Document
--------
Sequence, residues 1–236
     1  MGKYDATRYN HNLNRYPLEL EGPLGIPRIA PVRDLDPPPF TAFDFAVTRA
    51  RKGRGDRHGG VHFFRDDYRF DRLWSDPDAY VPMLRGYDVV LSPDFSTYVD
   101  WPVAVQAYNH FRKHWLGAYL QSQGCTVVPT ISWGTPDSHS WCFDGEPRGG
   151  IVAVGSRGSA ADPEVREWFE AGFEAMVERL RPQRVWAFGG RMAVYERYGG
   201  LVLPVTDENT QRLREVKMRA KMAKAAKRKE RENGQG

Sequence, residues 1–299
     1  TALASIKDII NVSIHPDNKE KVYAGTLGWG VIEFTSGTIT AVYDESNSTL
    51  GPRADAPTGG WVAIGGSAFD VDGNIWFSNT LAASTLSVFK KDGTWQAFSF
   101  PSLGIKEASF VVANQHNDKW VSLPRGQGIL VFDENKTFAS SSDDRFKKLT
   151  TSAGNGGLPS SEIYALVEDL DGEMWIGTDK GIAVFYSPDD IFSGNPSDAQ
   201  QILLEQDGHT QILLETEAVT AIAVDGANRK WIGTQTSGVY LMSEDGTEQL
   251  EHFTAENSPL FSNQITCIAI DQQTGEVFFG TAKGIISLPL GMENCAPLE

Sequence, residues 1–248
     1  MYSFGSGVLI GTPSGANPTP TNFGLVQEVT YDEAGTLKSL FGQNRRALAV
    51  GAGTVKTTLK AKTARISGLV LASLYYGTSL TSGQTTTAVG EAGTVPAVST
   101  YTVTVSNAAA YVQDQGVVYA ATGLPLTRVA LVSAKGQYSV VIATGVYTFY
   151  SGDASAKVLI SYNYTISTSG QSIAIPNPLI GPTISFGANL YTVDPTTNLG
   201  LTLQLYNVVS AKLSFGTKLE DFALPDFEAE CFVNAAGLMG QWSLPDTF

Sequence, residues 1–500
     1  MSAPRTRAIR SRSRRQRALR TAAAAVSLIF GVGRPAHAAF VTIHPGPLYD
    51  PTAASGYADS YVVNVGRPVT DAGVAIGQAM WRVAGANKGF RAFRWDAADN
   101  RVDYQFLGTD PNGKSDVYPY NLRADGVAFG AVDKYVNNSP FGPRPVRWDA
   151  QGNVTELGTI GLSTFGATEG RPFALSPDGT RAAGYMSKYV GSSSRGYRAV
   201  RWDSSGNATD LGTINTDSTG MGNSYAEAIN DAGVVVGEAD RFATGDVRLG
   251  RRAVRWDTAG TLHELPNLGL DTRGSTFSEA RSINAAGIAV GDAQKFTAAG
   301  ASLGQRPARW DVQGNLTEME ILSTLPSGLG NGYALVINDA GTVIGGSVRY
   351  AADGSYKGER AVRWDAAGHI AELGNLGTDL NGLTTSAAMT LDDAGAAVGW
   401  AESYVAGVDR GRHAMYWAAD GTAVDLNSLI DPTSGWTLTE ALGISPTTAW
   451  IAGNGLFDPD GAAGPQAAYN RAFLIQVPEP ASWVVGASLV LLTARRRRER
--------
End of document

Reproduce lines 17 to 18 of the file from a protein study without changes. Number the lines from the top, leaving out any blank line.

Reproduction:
   101  YTVTVSNAAA YVQDQGVVYA ATGLPLTRVA LVSAKGQYSV VIATGVYTFY
   151  SGDASAKVLI SYNYTISTSG QSIAIPNPLI GPTISFGANL YTVDPTTNLG